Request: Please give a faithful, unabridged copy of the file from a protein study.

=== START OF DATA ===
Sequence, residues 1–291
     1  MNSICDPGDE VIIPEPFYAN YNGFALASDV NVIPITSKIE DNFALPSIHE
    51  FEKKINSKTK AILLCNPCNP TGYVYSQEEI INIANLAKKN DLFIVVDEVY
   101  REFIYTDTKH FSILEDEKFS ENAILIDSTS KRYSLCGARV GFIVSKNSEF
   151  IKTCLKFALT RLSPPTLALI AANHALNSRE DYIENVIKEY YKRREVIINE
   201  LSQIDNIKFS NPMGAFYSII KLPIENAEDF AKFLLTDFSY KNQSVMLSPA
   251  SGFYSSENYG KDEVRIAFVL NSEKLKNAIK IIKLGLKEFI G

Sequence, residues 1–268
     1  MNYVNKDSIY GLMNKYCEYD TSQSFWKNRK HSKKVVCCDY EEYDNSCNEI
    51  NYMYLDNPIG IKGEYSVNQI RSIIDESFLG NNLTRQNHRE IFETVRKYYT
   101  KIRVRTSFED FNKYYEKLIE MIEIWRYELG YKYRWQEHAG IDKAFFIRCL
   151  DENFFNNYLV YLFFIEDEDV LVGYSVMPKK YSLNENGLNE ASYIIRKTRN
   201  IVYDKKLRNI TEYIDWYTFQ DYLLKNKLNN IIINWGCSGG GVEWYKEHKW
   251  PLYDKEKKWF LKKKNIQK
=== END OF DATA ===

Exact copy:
Sequence, residues 1–291
     1  MNSICDPGDE VIIPEPFYAN YNGFALASDV NVIPITSKIE DNFALPSIHE
    51  FEKKINSKTK AILLCNPCNP TGYVYSQEEI INIANLAKKN DLFIVVDEVY
   101  REFIYTDTKH FSILEDEKFS ENAILIDSTS KRYSLCGARV GFIVSKNSEF
   151  IKTCLKFALT RLSPPTLALI AANHALNSRE DYIENVIKEY YKRREVIINE
   201  LSQIDNIKFS NPMGAFYSII KLPIENAEDF AKFLLTDFSY KNQSVMLSPA
   251  SGFYSSENYG KDEVRIAFVL NSEKLKNAIK IIKLGLKEFI G

Sequence, residues 1–268
     1  MNYVNKDSIY GLMNKYCEYD TSQSFWKNRK HSKKVVCCDY EEYDNSCNEI
    51  NYMYLDNPIG IKGEYSVNQI RSIIDESFLG NNLTRQNHRE IFETVRKYYT
   101  KIRVRTSFED FNKYYEKLIE MIEIWRYELG YKYRWQEHAG IDKAFFIRCL
   151  DENFFNNYLV YLFFIEDEDV LVGYSVMPKK YSLNENGLNE ASYIIRKTRN
   201  IVYDKKLRNI TEYIDWYTFQ DYLLKNKLNN IIINWGCSGG GVEWYKEHKW
   251  PLYDKEKKWF LKKKNIQK